On the other hand, Advanced D&D, even then obviously a different game system, could be offered as a stop-gap measure. Its classes, races, characters, monsters, magic, spells, and so forth were similar to, but certainly not the same as, those of D&D. Was it better to send enthusiasts into the welter of the “Original” material and let them founder around there? Or would it be better to direct them to AD&D, even if it meant throwing out what they had begun with the Basic Set and making them start a fresh? Faced with a choice between chaos and a clean slate, we opted for the latter. (Although there are occasional letters from irate D&Ders who refuse to move into the new system, that is far preferable to what would have happened had we directed readers to the “Original” volumes!) After we selected what was actually the lesser of two evils, things went into high gear.

Pieces and parts of the various components of AD&D were grafted into the Basic Set rules manuscript so that D&D would be more compatible with the Advanced game. Readers were directed to AD&D throughout the Basic Set, with muttered prayers accompanying these directions, I am sure, as our production people had no idea then just how well it would all work out in the end, because much of the AD&D system was still on rough notes or in my head at the time. It turned out to be relatively acceptable as an interim measure, too.


I think that now, almost 30 years later, there's a lot there that I can be critical of.

First of all, there's the classic claim by EGG that AD&D was motivated by a desire to standardize D&D and make it consistent game between all the playgroups that utilized it. I'm not sure that EGG was actually the man for that task alone. When I look at AD&D it seems like it has "more" stuff, but it's rather a stretch to say that it's been streamlined and clarified from OD&D. The complicated ability bonuses from Greyhawk I don't like anymore. Changing hit dice and monster damage wasn't thought out in a systematic way. Ultimately EGG struggled with this over his career -- his attempt at clarifications really just being piling up and more more stuff through AD&D and Dangerous Journeys -- and wound up back playing OD&D at the end.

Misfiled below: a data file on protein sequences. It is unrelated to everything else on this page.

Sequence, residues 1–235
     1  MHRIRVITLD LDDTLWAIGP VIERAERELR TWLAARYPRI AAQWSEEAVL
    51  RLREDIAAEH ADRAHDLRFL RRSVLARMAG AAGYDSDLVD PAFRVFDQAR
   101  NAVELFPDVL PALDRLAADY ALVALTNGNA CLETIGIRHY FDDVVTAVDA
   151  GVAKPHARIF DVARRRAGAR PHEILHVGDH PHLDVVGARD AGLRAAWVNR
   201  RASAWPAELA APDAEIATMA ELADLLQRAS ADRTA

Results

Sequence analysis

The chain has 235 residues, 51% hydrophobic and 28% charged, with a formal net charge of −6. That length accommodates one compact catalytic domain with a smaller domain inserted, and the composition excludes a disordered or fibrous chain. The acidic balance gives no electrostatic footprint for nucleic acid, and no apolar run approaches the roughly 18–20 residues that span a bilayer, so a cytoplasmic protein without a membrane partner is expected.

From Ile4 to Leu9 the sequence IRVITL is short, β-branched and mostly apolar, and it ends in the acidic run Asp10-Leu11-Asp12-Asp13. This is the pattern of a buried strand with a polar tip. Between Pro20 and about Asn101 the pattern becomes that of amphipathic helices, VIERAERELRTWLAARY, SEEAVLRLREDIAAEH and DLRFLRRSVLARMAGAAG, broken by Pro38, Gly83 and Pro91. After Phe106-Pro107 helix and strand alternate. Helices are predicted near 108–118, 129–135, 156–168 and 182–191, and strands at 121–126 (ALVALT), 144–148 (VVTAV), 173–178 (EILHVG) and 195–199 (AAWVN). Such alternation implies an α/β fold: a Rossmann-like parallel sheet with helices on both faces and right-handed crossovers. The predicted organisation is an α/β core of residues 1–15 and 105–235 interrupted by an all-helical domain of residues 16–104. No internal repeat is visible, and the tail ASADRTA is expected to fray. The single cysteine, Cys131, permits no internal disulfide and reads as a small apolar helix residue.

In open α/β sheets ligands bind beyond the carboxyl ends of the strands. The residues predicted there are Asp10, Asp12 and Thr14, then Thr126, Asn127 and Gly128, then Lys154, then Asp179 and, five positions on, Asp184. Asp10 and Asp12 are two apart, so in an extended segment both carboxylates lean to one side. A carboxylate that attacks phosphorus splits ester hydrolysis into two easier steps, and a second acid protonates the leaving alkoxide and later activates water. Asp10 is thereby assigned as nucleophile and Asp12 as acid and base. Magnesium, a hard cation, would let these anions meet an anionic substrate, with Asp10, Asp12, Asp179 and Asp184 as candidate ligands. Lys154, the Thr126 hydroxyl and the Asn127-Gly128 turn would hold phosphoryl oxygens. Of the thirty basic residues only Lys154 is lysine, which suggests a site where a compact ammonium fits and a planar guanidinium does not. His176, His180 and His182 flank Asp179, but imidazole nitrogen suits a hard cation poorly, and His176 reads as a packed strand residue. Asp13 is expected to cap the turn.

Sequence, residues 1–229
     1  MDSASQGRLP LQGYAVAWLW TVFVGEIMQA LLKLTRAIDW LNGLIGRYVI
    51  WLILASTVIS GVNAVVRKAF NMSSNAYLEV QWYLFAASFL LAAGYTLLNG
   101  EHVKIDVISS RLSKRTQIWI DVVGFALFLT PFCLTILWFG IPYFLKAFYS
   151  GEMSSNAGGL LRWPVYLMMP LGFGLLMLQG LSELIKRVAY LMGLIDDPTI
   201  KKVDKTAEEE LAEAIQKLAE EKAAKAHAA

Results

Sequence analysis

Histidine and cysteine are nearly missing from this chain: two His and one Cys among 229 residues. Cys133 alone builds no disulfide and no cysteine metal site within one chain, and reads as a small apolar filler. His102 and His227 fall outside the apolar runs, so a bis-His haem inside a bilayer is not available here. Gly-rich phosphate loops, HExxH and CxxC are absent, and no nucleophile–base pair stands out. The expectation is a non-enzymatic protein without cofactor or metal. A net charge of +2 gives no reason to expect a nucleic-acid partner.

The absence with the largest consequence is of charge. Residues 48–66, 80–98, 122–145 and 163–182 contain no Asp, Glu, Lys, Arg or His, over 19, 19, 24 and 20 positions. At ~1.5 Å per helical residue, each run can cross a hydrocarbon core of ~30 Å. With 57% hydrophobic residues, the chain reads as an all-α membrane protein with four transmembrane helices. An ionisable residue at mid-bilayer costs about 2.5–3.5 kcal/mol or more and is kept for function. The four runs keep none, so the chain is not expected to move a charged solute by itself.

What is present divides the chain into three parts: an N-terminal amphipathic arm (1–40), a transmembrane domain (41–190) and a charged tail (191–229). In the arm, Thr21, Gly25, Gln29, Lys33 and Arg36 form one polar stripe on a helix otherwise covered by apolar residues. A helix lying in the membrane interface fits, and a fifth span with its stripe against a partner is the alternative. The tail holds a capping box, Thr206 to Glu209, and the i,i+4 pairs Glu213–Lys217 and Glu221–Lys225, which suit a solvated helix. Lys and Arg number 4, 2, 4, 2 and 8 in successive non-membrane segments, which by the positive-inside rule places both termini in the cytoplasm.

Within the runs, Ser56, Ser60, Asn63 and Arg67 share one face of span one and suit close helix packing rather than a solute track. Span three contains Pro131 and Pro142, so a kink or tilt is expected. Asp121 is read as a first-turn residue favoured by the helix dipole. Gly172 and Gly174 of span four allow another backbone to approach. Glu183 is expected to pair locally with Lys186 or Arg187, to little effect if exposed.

Secondly, on the same point, I think we can look skeptically at the motivating point that "D&D was too flexible and unlimited... The game was actually unrecognizable as played from group to group...". We can now see that this wasn't a problem with the D&D game system per se; that's the result of a natural cycle of a hobby game that permits supplemental rules and add-ons to be published. Some will pick them up and some won't. At the end of the cycle a thousand permutations will exist and few games will look like any others. So it doesn't matter how "Advanced" you make the rule system, or how many cases you try to cover; after some number of years of pushing supplements, the games will be out-of-sync. Radically bulking up the core content is not going to permanently fix that.

Obviously, from the perspective of most modern big game publishers, this is a virtue, not a vice. But we can likewise be skeptical about whether it's been good for the health of the game itself long-term.

Finally, we can address the attested soul-searching about whether players of the Holmes Basic D&D should have been thereafter directed back to OD&D or forwards to AD&D. Here Gygax in 1980 concludes, "After we selected what was actually the lesser of two evils, things went into high gear... with muttered prayers accompanying these directions... It turned out to be relatively acceptable as an interim measure".

In the past month or so, I've decided explicitly the opposite. (And this is what stunned me running into this particular article tonight by chance.) You can see in my post from a few nights ago that I really feel a loss that no one could, in 1980, recommend looking at OD&D to me; because in general that was what I was looking for via AD&D and its successors all these years. To know that we were intentionally being directed to an incompatible gaming system, with a radically different philosophy, is a somewhat tart mouthful to swallow at this time. In fact, I think maybe a HUGE mistake was made back then, when D&D was standing at the crossroads of 1980.